• Connection refers to a TCP connection, and request refers to an HTTP request and subsequent response.

  • HTTP 1.0 and 1.1 allow only a single request or response to go over an open TCP connection at a time. Many browsers attempt to mitigate this bottleneck by opening around six concurrent TCP connections to the destination web site.

  • HTTP/2 uses a different connection methodology and does not use or require the connection multiplex feature.

Impact on Other Features

Multiplexing distorts the expected view of an administrator’s world. For example, viewing connection counts from clients and to servers is very different. Static load balancing algorithms such as round robin or least connections can exhibit different behavior.

  • Preserve Source IP — Multiplexing explicitly decouples the client connection from the equation, when sending traffic to destination servers. When Preserve Source IP is enabled along with using the Service Engine as a default gateway of the servers, HTTP traffic cannot be multiplexed.

  • NTLM — NTLM authentication is generally incompatible with multiplexing. Applications that rely on NTLM, such as SharePoint or StoreFront must be configured with connection multiplexing deactivated.

  • Persistence — Persistence is significant for multiplexing as described below.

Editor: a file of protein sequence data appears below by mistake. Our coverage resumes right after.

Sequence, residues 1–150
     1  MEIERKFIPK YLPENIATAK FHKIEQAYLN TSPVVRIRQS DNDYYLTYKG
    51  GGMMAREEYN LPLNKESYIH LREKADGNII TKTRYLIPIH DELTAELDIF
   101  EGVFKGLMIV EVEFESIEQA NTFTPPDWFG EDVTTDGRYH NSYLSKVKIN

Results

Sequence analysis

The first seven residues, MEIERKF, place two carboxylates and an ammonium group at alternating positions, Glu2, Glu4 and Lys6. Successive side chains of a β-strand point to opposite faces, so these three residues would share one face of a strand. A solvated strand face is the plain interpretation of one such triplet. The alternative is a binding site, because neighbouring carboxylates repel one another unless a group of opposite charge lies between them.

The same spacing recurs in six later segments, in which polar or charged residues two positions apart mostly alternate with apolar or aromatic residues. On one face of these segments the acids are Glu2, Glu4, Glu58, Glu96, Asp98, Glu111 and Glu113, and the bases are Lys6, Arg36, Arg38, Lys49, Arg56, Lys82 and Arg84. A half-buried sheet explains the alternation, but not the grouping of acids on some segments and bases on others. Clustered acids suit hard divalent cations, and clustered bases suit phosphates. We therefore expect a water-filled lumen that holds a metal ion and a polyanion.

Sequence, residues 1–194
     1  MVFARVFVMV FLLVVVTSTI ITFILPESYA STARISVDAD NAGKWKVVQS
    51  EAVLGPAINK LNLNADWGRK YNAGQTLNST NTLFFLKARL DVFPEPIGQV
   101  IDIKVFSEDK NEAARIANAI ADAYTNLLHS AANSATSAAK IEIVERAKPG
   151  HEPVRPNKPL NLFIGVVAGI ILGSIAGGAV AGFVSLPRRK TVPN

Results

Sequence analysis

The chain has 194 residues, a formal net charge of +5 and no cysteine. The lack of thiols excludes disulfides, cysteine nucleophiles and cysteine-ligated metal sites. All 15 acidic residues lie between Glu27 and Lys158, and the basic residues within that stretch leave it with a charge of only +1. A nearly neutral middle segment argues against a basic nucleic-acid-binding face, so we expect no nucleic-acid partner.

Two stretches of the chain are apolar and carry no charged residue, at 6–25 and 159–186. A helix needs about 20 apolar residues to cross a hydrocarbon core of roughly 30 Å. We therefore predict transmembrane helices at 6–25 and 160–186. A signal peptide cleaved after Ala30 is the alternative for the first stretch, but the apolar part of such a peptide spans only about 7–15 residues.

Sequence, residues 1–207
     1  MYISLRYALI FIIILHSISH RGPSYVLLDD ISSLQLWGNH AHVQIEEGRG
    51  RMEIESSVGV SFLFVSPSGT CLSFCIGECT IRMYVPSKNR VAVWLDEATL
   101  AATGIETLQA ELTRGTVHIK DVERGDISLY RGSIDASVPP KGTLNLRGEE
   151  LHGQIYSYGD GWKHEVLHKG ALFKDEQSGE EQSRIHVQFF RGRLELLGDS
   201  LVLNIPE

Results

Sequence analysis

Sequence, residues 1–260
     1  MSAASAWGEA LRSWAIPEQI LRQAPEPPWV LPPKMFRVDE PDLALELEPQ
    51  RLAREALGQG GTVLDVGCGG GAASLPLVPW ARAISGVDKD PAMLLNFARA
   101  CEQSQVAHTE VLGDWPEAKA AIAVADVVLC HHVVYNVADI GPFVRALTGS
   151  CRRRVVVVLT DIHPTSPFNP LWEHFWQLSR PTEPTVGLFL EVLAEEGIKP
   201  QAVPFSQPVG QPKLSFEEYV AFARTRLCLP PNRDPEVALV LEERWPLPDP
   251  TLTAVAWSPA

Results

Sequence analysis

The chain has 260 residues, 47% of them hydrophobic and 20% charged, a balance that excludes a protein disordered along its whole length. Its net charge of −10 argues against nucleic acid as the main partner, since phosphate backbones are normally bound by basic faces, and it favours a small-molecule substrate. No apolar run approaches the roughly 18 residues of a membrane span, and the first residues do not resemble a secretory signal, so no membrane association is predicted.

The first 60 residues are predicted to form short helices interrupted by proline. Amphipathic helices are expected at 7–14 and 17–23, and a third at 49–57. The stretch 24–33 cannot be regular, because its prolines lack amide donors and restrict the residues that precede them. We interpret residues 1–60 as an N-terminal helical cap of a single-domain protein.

Multiplex Plus Persistence

Multiplexing behavior changes when server persistence is enabled:

  • Multiplex enabled, Persistence deactivated: Client connections and their requests are decoupled from the server side of the Service Engine. Requests are load-balanced across the servers in the pool using either new or pre-existing connections to those servers. The connections to the servers can be shared by requests from any clients.

  • Multiplex enabled, Persistence enabled: Client connections and their requests are sent to a single server. These requests can share connections with other clients who are persisted to the same server. Load balancing of HTTP requests is not performed.

  • Multiplex deactivated, Persistence enabled: The NSX Advanced Load Balancer opens a new TCP connection to the server for each connection received from the client. Connections are not shared with other clients. All requests received through all connections from the same client are sent to one server. HTTP client browsers can open many concurrent connections, and the number of client connections will be the same as the number of server connections.

  • Multiplex deactivated, Persistence deactivated: Connections between the client and server are one-to-one. Requests remain on the same connection they began on. Multiple connections from the same client can be distributed among the available servers.


Connection multiplexing disabled is supported with pool groups.

fwd_close_hdr_for_bound_connections Option

If the application profile has connection multiplexing deactivated, that is, if the client and server connections are tied together, the fwd_close_hdr_for_bound_connections option is applicable. It defaults to TRUE. With fwd_close_hdr_for_bound_connections as TRUE, if the back-end server responds with a Connection: Close header, the SE forwards this header to the client and closes the back-end connection. On receiving Connection: Close, the client closes the front-end connection.